My love for jazz started when I saw that jazz had space for the expression of freedom : improvisation. A frame, rules and some space to be free. As I discovered jazz, studying music finally took on all its meaning: we could learn, explore, express ourselves, taste a form of freedom. And beyond the aesthetics specific to jazz and its different stylistic forms, what makes its essence is indeed the freedom it allows. From Duke Ellington to Ornette Coleman, from Charlie Parker to Brad Meldhau, from John Coltrane to Keith Jarrett, beyond differences of style we find this common universe : a taste for freedom, a love for taking off.

Indeed, this freedom we are all looking for and that some find with jazz, needs to be placed in a broader context, the context of life, everyday life, society... As we know, jazz was born out of the meeting between blacks and whites into a non-egalitarian America characterized by slavery, one of the saddest episodes of human history. From this violence, blues was born in order to express the deepest feelings, andin order to taste a form of freedom. Jazz is the continuity and History has made some progress. The forms of jazz as well have developed, but its essence remains the same.

Also, even before this meeting on the soil of the Americas, the germ of blues was already an integral part of the soul of African music. I realize that when I play with a character like Majid Bekkas,his gnawa singing makes me think of the sources of blues music. And similarly, when we play together we let the elements of Mandinka, Arab, gnawa, Indian, Andalusian and jazz music naturally cross, the result being a mixed jazz born from new encounters. This is, in my view, a jazz that has the same essence as the one born in the United States, because even if the form is different, it expresses a powerful groove, it is imbued with blues, it is melodic, playful, it cries out sometimes, it can prove to be joyful or deep, fragile or powerful. But it is lively and free, and above all, it is grounded in the present moment, it is jazz indeed !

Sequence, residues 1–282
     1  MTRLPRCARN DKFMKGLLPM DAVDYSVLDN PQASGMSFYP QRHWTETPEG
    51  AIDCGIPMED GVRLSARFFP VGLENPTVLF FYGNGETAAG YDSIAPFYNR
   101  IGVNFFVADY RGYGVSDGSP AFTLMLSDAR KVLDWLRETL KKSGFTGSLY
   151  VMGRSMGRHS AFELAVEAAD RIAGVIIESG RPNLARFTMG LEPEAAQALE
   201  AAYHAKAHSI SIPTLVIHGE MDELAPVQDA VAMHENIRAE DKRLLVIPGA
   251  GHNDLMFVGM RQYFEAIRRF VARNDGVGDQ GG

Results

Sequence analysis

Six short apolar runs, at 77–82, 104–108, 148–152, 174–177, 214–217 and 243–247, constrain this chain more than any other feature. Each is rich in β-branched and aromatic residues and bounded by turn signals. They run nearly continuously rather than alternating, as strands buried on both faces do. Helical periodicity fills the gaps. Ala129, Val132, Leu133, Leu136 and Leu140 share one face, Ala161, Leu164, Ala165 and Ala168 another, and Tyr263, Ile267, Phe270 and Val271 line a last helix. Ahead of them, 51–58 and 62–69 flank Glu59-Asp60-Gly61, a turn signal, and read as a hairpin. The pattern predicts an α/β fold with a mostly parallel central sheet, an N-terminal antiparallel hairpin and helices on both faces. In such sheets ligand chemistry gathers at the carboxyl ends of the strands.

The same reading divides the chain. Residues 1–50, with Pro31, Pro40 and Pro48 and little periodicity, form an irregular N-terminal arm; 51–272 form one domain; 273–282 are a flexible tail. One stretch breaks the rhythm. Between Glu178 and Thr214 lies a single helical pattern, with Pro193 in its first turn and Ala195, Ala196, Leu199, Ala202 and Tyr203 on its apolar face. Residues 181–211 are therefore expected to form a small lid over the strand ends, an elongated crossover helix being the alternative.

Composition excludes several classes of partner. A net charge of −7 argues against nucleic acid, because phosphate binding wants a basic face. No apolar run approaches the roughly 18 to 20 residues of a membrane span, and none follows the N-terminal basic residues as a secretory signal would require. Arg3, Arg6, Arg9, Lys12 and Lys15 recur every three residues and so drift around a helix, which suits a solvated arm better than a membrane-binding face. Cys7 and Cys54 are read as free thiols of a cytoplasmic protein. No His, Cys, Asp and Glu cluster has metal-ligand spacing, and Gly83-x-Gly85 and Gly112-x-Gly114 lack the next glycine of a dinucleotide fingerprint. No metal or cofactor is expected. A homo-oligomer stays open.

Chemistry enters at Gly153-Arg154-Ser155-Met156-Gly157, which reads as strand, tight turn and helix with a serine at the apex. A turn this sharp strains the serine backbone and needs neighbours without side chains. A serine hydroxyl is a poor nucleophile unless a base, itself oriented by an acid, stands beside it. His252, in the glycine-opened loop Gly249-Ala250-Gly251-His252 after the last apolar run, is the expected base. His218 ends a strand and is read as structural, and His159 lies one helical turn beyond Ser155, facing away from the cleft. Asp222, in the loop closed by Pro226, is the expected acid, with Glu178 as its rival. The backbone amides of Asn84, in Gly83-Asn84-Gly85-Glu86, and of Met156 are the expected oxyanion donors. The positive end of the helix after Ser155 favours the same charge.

In our society controlled by appearances, even the more libertarian forms of expression such as jazz suffer labelling. The conversion of music into a commercial product reinforced the importance of these labels, and the problem we have now is that these labels are everywhere, they are always simplistic and limited to giving a style name where there was originally a meaning. « This is not jazz anymore », this is something that has often been read or heard since the ‘40s, every time musicians were making the forms evolve. Inevitable trap of appearances, some did not recognise freedom on the grounds that jazz had changed.

Today jazz has taken many different forms, freedom tries to fit in a variety of styles. It is nothing to be afraid of, as we should not be afraid of the mixing of populations. This is the way humanity evolves, by meeting each other, through exploration, discovery and through this taste for freedom ever renewed. We realize that beyond style, jazz represents a certain attitude towards life. An art of the present. All this put together, the love for improvisation, the need for freedom and its expression, the taste for the present, for meeting others, the ability to integrate the most diverse cultural forms, all this, represents a true philosophy of life, a commitment itself. A commitment of oneself.

In this regard, the essence of jazz – and of improvisation in general – cannot be separated from the consciousness of our freedom, and from the way we position ourselves in relation to it in this world.